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I want to choose a model class (e.g. logistic regression vs. random forests), but the validation set is used for selecting hyperparameters. Should I set aside a second validation set to select the model class?

My idea:

  • Training set: choose parameters
  • Validation set: choose hyperparameters
  • Second validation set: choose model class (e.g. logistic regression vs. random forests)
  • Test set: test model on unseen data

Or should I treat model class similarly as hyperparameters and select it based on the validation set performance?

Furthermore, we apply validation sets via cross-validation. Should I use a "nested" cross-validation to select the model class? A CV within a CV?

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Prior to the revival of deep learning in the last few years, hyperparameter tuning used to be called model selection. The purpose of the validation set is to choose among several model candidates. It shouldn't make a difference whether these models have the same architecture with different hyperparameters or are completely different architectures.

So no, you shouldn't need a second validation set.

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  • $\begingroup$ +1 exactly what I thought, I would just use training data set for hyperparameters... maybe we are just using the term "hyperparameters" for different thing :-) See my answer. $\endgroup$ – Curious Nov 8 '19 at 19:54
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I am actually doing this right now too! :) I have 3 model classes, logistic, random forest and GP.

My design is this (with 5-fold crossvalidation):

  • training data set - optimize parameters and hyperparameters (not sure if we have the same definition of hyperparameters; in my case these are the length-scales for GP covariance matrix).

  • validation data set - cross-validate models and compare them within & between classes using common test statistics

I suppose this should be perfectly OK, if you have any ideas why this could be a problem let us discuss it.

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  • $\begingroup$ I guess one clarifying point is when you said "choose hyperparameters" in the training set. To be clear, within a training set you should set your hyperparameters and choose parameters via MSE or whatever. Do this over all model-class/hyperparameter combinations. Then, for each combo, measure out-of-sample performance on the validation set. Finally, my idea for comparing model classes is to select the model within each class with the best out-of-sample performance (i.e. hyperparams gave best validation performance). Then compare these class-best models between classes. What do you think? $\endgroup$ – Robert Hatem Nov 8 '19 at 20:05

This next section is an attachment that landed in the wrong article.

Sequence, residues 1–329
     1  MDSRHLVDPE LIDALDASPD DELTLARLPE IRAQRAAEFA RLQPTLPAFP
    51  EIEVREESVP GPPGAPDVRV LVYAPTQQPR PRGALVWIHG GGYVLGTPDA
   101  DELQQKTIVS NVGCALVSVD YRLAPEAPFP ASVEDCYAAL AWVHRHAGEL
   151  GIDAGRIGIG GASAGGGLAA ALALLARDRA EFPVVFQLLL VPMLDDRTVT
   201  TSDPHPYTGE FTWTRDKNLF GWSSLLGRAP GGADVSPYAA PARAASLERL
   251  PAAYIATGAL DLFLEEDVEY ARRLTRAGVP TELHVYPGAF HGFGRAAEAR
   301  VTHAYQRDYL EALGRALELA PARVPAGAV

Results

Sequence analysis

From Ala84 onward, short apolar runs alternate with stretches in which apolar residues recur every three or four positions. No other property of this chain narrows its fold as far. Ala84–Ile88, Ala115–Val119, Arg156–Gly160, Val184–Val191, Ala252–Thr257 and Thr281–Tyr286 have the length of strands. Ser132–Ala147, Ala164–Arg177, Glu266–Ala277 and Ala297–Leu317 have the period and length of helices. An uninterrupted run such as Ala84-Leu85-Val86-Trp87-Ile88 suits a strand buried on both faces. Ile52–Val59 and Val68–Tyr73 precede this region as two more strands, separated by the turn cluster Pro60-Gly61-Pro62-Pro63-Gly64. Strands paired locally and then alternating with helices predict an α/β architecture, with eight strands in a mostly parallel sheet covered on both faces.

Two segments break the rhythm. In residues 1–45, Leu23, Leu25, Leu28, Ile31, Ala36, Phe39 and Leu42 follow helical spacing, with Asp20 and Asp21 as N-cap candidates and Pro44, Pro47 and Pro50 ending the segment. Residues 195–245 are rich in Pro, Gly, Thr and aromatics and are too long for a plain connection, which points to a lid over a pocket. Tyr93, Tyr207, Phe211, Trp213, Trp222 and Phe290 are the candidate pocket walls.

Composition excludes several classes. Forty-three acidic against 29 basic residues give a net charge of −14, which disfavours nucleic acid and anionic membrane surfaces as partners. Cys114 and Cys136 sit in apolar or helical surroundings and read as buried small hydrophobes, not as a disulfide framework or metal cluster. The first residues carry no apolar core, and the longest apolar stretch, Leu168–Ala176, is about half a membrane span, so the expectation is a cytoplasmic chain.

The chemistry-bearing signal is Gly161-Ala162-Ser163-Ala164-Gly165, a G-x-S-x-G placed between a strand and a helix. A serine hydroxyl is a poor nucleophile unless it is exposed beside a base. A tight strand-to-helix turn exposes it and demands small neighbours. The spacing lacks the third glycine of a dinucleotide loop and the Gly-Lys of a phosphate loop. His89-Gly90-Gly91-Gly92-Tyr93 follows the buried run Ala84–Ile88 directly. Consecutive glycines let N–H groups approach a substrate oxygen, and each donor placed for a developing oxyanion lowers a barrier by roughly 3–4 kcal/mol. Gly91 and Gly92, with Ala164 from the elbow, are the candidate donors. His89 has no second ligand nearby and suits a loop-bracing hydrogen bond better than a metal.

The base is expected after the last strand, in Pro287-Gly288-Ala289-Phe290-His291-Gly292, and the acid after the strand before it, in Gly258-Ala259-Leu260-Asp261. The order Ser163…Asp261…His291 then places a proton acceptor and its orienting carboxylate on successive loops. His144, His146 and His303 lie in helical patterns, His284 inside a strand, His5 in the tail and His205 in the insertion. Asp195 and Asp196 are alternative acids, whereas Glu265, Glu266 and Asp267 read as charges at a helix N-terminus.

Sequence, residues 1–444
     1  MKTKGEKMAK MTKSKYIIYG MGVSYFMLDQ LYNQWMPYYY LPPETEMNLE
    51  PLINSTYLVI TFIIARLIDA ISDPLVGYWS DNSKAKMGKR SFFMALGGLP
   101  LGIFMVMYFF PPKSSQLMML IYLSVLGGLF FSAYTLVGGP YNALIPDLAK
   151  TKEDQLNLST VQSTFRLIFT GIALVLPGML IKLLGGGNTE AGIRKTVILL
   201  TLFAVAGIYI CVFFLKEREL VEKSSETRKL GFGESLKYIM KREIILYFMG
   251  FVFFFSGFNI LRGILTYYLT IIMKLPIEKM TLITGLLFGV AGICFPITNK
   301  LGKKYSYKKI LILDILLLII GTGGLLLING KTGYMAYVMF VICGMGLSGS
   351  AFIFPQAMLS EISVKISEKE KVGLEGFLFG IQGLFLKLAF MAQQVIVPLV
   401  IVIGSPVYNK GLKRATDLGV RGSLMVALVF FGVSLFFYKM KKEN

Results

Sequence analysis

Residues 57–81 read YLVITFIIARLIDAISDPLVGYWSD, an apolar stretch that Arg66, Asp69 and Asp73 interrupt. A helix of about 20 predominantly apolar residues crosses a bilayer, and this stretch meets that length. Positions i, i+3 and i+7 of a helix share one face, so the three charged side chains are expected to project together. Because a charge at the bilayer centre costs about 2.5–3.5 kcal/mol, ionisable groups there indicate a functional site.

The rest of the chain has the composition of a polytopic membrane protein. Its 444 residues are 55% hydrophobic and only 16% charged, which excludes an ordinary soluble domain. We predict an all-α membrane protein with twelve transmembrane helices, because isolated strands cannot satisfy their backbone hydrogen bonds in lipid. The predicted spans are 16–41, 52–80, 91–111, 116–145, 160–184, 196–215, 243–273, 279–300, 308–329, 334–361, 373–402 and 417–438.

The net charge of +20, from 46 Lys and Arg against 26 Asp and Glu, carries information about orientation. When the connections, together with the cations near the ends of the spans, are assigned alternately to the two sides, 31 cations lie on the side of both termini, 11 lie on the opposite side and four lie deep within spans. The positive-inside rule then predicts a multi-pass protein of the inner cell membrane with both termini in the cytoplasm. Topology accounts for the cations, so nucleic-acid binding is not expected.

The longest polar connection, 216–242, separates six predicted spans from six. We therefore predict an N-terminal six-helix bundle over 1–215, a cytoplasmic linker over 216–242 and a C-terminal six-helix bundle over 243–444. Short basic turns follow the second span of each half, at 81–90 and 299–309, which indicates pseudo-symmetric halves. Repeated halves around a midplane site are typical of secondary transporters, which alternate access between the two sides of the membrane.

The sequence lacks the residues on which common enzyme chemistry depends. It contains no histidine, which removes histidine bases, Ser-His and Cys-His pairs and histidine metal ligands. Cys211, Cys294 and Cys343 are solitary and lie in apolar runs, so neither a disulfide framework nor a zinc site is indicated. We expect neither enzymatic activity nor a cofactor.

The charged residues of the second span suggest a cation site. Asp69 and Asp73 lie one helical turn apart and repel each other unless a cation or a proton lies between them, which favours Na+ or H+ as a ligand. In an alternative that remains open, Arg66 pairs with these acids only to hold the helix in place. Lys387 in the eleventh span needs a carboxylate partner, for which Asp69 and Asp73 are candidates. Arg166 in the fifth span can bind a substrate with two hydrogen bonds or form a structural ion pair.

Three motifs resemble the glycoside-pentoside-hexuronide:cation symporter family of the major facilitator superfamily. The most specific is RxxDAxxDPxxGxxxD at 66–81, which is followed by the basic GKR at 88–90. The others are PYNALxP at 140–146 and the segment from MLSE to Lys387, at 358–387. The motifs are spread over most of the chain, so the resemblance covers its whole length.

• $\begingroup$ " To be clear, within a training set you should set your hyperparameters and choose parameters" - I am still not understanding what you mean by this. What is the difference between set and choose? What I am doing actually is to optimize these (hyper)parameters with L-BFGS optim(), which I guess is perfectly OK with the training set. $\endgroup$ – Curious Nov 8 '19 at 20:09
  • $\begingroup$ ... i.e., it's not clear to me why for an optimization of hyperparameters with L-BFGS would I use the validation dataset. $\endgroup$ – Curious Nov 8 '19 at 20:11
  • $\begingroup$ Sorry, I was unclear. You optimize parameters on a training set, and optimize hyperparameters using some validation set. You cannot (should not?) optimize both on one set. If you're using CV within the "training" set to optimize hyperparameters, then you're good. $\endgroup$ – Robert Hatem Nov 8 '19 at 20:13
  • $\begingroup$ @RobertHatem you are mixing things up totally now :-) 1) "You optimize parameters on a training set, and optimize hyperparameters using some validation set." no! I told you above, I am using training set for optimizing both! :-) 2) "You cannot (should not?) optimize both on one set." why? 3) " If you're using CV within the "training" set to optimize hyperparameters" no. I am using the CV with the validation set for validating (second point in my answer), please check my answer. $\endgroup$ – Curious Nov 8 '19 at 20:19

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